|A crowded Indian Ocean|
|A Desolate Pacific|
|Indian Ocean grey...|
|...and the Pacific blue|
I have learnt my lesson-
Souls of departed seafarers
|A crowded Indian Ocean|
|A Desolate Pacific|
|Indian Ocean grey...|
|...and the Pacific blue|
An occlusion dealt headwinds and caused us to sail southwards much before I had planned thrusting the furious 50s on me as it went. The welcome began with 30 knot winds that soon picked up to 45 and the usual swell from south west. While the hammering went on and I reached top speeds of 16 knots surfing down some steep waves, I had a message from Admiral Awati. Bash on Regardless- it read. Pretty encouraging words and the 50s are all the more reason I need them. Irrespective of who was bashing whom, the boat and I escaped without much injuries.
Heading south, in a way, had solved a question which followers of the voyage have been pondering over endlessly. At 50 degrees south, and about a couple of hundred miles off Tasmania, that isn’t really a question anymore. Bass Strait would be a huge detour. As I passed Tasmania over the weekend, I could safely say that I had my Bight.
New Zealand is only a hop across from here but in between lies a minefield I would not want to step into. A low is moving from my north-west to cross our route south of New Zealand. It conceals more than 50 knot winds with waves added to taste. After due consideration, I have decided to slow down and accord it right of way. I am planning to dig myself into a windless hole for a day or so and pay the attention that equipment and rigging has been asking of me. And then, I too am entitled to a Christmas vacation, some carols and possibly a movie and popcorn.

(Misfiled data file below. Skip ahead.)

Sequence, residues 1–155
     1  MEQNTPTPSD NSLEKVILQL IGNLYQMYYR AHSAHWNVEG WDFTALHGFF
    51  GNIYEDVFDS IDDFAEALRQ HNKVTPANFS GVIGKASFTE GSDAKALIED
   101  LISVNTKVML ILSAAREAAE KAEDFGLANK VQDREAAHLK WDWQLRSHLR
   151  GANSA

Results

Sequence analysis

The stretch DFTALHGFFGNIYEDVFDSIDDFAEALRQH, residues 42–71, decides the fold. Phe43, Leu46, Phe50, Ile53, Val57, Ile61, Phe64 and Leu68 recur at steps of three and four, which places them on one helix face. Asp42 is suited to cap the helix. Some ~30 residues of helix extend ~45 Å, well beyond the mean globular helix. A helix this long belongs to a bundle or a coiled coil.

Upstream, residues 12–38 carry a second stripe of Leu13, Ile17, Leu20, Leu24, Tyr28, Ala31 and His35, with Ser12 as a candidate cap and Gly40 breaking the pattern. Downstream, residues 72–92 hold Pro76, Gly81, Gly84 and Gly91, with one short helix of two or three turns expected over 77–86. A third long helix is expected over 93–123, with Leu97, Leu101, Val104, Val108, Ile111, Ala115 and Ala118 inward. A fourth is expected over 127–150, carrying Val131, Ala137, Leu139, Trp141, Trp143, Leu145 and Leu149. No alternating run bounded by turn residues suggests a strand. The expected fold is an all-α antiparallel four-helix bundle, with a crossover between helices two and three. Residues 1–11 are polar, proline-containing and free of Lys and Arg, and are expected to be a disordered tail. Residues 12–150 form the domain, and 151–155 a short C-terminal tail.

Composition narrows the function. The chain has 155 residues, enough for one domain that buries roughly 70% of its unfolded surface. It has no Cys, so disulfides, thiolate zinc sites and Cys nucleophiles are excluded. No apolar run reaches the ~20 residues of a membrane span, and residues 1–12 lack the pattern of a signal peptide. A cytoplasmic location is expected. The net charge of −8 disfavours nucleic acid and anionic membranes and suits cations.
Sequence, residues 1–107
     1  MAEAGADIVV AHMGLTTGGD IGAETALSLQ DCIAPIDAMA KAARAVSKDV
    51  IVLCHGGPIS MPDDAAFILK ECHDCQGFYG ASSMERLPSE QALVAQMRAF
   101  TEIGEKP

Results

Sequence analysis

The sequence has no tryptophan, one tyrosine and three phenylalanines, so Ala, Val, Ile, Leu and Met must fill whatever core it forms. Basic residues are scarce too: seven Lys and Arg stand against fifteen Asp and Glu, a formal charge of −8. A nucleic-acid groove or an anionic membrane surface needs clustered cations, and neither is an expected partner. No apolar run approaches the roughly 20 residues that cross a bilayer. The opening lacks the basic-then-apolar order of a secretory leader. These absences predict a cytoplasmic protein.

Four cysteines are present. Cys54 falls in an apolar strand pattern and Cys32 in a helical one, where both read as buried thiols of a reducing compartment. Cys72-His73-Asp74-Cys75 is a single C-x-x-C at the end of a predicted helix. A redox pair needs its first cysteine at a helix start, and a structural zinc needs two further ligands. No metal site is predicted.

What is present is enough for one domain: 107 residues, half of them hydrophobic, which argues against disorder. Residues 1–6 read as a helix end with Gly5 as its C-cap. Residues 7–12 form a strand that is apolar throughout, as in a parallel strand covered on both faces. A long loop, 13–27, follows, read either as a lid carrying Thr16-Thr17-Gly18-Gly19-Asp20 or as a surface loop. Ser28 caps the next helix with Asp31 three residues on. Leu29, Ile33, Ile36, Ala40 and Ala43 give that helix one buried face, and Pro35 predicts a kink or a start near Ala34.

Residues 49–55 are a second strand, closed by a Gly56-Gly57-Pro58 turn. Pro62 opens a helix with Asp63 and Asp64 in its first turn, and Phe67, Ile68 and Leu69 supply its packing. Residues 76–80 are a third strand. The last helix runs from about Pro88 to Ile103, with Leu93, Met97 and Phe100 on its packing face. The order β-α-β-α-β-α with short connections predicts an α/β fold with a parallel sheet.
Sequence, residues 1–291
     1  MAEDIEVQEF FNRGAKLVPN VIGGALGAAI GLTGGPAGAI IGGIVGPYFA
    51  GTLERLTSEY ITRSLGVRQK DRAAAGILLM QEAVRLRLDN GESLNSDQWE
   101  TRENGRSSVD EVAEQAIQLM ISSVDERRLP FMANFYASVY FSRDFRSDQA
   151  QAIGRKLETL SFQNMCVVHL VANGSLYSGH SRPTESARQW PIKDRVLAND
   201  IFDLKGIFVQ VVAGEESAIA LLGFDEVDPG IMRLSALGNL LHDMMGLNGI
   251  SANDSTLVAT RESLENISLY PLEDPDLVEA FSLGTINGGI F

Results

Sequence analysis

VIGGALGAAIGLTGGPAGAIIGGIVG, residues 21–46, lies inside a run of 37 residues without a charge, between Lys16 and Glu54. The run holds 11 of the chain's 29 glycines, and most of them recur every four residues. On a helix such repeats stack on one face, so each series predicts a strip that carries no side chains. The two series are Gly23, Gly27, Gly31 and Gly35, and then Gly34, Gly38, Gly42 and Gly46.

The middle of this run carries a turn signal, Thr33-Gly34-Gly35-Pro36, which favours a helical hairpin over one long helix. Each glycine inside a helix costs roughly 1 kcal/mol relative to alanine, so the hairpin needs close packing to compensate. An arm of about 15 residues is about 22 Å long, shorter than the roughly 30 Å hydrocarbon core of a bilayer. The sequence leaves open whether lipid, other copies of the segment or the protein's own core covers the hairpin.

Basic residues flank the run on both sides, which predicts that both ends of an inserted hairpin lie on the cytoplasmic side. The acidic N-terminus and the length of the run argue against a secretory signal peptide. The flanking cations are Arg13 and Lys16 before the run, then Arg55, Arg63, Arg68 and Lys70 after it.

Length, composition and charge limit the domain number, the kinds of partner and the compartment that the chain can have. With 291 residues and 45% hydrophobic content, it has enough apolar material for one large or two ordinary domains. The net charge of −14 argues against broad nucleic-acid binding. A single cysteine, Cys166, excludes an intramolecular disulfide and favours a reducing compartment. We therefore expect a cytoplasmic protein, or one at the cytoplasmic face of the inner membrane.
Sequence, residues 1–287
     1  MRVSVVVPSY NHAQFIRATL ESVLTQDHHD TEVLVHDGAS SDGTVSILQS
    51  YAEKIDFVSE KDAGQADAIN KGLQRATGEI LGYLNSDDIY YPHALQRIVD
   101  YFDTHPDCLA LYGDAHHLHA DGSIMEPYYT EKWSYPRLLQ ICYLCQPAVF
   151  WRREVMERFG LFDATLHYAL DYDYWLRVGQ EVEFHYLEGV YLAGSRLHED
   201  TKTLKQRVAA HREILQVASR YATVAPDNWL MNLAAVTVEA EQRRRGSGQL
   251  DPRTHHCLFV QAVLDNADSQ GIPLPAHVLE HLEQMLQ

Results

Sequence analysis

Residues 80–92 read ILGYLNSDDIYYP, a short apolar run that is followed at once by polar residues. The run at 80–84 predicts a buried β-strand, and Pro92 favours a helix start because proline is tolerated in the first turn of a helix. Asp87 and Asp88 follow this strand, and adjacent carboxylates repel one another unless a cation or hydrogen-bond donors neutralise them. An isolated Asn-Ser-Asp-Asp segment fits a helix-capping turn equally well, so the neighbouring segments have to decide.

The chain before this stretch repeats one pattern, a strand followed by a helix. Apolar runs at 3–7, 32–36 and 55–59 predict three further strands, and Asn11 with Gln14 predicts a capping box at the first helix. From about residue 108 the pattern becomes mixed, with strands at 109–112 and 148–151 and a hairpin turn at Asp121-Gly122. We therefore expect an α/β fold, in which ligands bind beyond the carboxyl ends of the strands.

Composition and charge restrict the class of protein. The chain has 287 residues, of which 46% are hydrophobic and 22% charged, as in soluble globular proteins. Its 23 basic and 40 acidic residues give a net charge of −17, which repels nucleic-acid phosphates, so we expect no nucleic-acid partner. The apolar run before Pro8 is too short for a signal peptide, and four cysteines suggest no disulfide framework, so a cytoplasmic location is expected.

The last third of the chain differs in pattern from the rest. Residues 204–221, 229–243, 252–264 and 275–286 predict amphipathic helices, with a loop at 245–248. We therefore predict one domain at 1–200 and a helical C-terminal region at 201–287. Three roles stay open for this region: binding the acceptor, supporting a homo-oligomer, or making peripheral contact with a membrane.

21st of December was winter solstice. It marked the end of the southern transit of the sun this year putting an end to all the Mayan-Calendar-End-of-the-World jokes that have been doing the rounds. I wasn’t really worried, but after I threw the stone calendars out, the boat has been significantly lighter and livelier. Till now the voyage has been a race into the sun, sailing south as it went south, seeking a path through the weather that its passage cleared up. But from now on, almost for another month till I round the Horn, our paths will diverge with the sun heading northward while we go further down till at least 56 degrees. That makes it all the more important that I get to the Horn on the appointed date from where I will be free to follow the sun and head back to India.
At 50 degree south I am closer to the pole than to the equator. The temperatures too have been plunging southward and at the time of writing this blog, it hovers between 7 and 10 degrees during the day. It is becoming impossible to touch any steel fitting or walk on deck barefoot because the chill it sends up at times appears to burn. Anyone can read my thoughts now because they seem to condense in the air as thought bubbles. Showering, that ubiquitous consideration, is becoming a well planned ritual, not for shortage of water but of warmth. I will chance the plunge when I am becalmed.
This transit has been my second association with Australia, in a manner of speaking. I had visited Fremantle in 2009 to help with Cdr Donde’s stopover as his sole shore support and Man Friday. Located at the mouth of Swan river, Fremantle is the port town of Perth. With a maritime museum resembling an upturned hull, anchors and buoys strewn along pavements and motifs of the America’s Cup adorning its walkways, Fremantle comes across as a very tastefully designed maritime town. It is no wonder that it has inspired the likes of John Sanders, the eight time solo circumnavigator. The acquaintances we made during our stay- Pat and Fred, Pip and John, and Shruti among others- continue to be ardent followers of this voyage too.